There is a long thread on this topic on Chowhound.
posted by MuffinMan at 3:15 AM on January 11, 2013 [1 favorite]


I read a raw food movement cookbook that said eating chicken rare is good for you (not saying that I agree)
posted by saraindc at 3:21 AM on January 11, 2013


Tori tataki was AMAZING. spacewrench gives a nice description: tender, warmed, full of chickeny flavor, and a light saltiness from the preparation. I must have had mine in Tsukuba...

(This from someone who comes from a house with pretty strict hygiene/food safety interests, who in her own home avoids buying and cooking meat because of the limited shelf life.)
posted by whatzit at 3:36 AM on January 11, 2013


It's certainly possible to eat chicken like steak - safely. All you need to do is cook it sous vide for several hours (depends on temperature and thickness) till it has been pasteurized and then sear. Modernist Cuisine talks quite a bit about how to do so.

I did this and cooked some chicken breast to medium-rare. It... wasn't bad, but I haven't made it again either.
posted by nolnacs at 6:23 AM on January 11, 2013


The major danger is that chicken, being as small as they are, are difficult to slaughter without accidentally, sometimes, opening the GI tract on the chicken and thus germs get on the chicken.

That said, the germs get on the outside of the chicken parts; not to say you can just rinse them off, but cooking the exterior surface of chicken is probably going to be enough. I swear I saw some "undergood" bird being enjoyed in some culinary or food-travel show lately. Anyway, these doesn't work for ground chicken, whose contaminated surfaces are everywhere in the meat, the grinder etc. so the whole mass is basically innoculated, and for chicken parts that have been processed in such a way as to glue scraps together (probably chicken nuggets/strips, loaves and other non-natural forms of chicken meat).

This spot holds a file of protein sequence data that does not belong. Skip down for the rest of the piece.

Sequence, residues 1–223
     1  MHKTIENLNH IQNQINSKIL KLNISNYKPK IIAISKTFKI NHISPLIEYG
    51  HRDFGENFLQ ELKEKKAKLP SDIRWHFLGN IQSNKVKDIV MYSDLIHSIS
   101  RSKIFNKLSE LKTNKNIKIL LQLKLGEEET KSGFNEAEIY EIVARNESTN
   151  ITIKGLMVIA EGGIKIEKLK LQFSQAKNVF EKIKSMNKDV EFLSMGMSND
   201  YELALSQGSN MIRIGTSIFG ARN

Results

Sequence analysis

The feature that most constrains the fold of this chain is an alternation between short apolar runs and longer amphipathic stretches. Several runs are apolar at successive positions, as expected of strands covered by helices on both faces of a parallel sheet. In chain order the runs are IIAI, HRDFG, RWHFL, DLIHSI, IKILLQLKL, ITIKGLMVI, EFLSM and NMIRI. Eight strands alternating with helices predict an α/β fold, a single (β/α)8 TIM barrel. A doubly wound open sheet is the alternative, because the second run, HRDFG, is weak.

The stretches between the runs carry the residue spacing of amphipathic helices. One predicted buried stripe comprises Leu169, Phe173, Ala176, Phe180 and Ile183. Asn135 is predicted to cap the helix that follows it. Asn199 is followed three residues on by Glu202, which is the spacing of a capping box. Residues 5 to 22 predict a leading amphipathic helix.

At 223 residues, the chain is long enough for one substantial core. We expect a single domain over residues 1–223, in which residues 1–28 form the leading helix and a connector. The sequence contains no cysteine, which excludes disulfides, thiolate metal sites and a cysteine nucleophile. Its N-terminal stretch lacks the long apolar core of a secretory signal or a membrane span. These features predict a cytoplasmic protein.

posted by Sunburnt at 7:43 AM on January 11, 2013


I have a brewing book with some sort of old recipe using a whole chicken. Chicken beer.
posted by yohko at 12:56 PM on January 11, 2013


MuffinMan, your link says nothing about Francis Bacon actually eating the bird, it seems to imply he got pneumonia after being exposed to the cold snow.
posted by yohko at 1:01 PM on January 11, 2013


« Older So I'm working on this documen...   |  Anybody have any experience wi... Newer »
This thread is closed to new comments.


Post